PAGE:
March 03, 2007

Online video search tool

Today I tried out a new video search tool called blinx. (Ugh. How much do you think they paid for that awful name, eh? Too much, no doubt.) It's not a video hosting site like youtube, it just points to videos posted on other sites. There's a nifty feature called The Wall which displays your next search results as row after row of thumbnail videos. Nice eye candy.

Here's what I found:

Beeetamax. I searched on "obsolete technology" and found an ITN news piece on the new dvd format wars, complete with archival footage of the last round of video format wars.

Billion dollar industry. Then I searched on "family history" and found a news piece from Fon du Lac, Wisconsin about researching and preserving family history, especially the stories: "People want to know more than the names of their relatives, they want to know about their lives." You'll meet a teenager who interviewed his grandparents and says "...the most rewarding thing is just being able to me that much closer to them."

They point to libraries and historical societies as sources for family history information, and mention a laundry list of helpful records, including: obituaries, local newspapers, city directories, yearbooks, historical photographs, census information. They even interview a librarian, yay!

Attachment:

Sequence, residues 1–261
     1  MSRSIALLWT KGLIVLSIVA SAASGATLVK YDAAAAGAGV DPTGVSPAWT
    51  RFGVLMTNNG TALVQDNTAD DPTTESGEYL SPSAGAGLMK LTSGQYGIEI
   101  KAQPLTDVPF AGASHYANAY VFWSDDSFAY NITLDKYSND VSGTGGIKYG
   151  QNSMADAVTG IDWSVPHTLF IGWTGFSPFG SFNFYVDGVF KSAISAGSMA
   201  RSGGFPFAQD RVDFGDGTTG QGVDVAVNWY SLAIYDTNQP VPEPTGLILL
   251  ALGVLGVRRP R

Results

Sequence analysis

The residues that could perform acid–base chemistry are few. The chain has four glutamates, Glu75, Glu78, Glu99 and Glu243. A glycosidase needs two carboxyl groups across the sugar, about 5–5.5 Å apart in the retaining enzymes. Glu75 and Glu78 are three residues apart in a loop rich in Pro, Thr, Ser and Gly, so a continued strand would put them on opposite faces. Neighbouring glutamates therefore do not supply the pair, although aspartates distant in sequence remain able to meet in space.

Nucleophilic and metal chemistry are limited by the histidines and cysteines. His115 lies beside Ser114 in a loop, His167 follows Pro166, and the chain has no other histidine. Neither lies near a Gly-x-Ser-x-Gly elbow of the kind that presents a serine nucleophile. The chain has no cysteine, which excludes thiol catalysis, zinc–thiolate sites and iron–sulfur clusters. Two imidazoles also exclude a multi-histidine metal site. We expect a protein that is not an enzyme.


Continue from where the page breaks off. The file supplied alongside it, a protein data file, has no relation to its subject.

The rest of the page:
I wish I knew how that story ended up on the news in the first place. I figured it had to be a Creative Memories consultant who pitched it, but there's no mention of that MLM biz. And none of the interviewees seem like they're the press-release-writing type. Maybe or Family Tree? Both of those products are mentioned. Are they owned by the same company by any chance?

What I really love is the conclusion: "Nothing is more valuable than speaking with those who can share their memories." To which I would add: Or writing down your own memories. It's rediculously easy. Check out Denis LeDoux's Photo Scribe for a simple and painless way to capture the stories behind your photos (even if you hate to write).

FYI, Dick Eastman questions whether genealogy is really as popular as stories like this one claim.

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